What Is a Routing Transit Number?

A routing transit number is a nine-digit numerical code used to identify a banking or other financial institution for the purpose of clearing funds or processing checks in the United States. The routing transit number, as it appears on a check, specifically denotes the banking institution that holds the account in which funds from the check are to be drawn.

Routing Transit Number Explained

The first four digits of any RTN code will designate the Federal Reserve Bank of the district where the institution is located. The next four digits denote the bank itself, while the last digit is a classifier for the check or negotiable instrument.

RTN numbers are often used when setting up a wire transfer or direct deposit relationship with one's personal or business bank.

A wire transfer is an electronic funds exchange across a network administered by hundreds of banks worldwide. While no physical currency moves among financial institutions during a wire transfer, information does pass between banks, with regards to the recipient, their bank account number, and how much money being received. A routing transit number is therefore critical to ensure sensitive information is directed to the appropriate receiving party.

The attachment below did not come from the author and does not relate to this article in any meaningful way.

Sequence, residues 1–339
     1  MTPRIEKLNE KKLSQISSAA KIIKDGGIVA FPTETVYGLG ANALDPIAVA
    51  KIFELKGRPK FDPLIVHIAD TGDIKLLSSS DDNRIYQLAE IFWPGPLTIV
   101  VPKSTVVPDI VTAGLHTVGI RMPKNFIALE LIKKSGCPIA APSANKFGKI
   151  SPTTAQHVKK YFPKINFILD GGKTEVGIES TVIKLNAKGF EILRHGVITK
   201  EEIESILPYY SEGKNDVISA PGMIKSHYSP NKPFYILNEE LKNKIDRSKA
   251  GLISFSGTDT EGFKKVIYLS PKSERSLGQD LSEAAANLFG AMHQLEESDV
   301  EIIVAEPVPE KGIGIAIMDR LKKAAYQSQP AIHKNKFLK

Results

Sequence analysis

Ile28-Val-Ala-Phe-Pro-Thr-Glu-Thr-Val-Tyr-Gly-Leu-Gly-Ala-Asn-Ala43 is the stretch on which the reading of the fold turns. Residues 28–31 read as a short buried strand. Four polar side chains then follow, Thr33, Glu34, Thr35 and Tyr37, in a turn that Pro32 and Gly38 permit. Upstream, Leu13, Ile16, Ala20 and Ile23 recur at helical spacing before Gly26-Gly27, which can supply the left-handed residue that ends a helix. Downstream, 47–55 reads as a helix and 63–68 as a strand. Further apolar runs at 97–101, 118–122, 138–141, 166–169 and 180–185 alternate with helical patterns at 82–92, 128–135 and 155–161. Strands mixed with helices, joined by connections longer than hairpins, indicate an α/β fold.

Regarding a direct deposit, senders often use this method for efficient income tax refunds and paychecks. Here, a sender will deposit electronic funds directly into the receiver’s bank account instead of via a paper check. A RTN again is useful in specifying the domain and particular party to whom to direct information.

RTN Fraud

In January 2018 in Tennessee, a jury found citizens Keith Beane and Heather Ann Tucci-Jarraf guilty of money laundering. In addition, they found Beane guilty of wire fraud.

Beane took advantage of automatic delays present in money transfers within the United States banking system to purchase certificates of deposit (CDs), using the U.S. Federal Reserve’s routing number. Coupled with a fake checking account number, Bean quickly liquidated the CDs and placed the new funds in his USAA accounts. He withdrew these funds immediately, prior to the transaction being approved.

With this ploy, he was able to open $30 million in CDs prior to the USAA realizing the fraud. Beane paid off debts and purchased a $500,000 motor home, according to prosecutors. The routing transit number of the U.S. Federal Reserve was key in allowing him to pull off the financial stunt.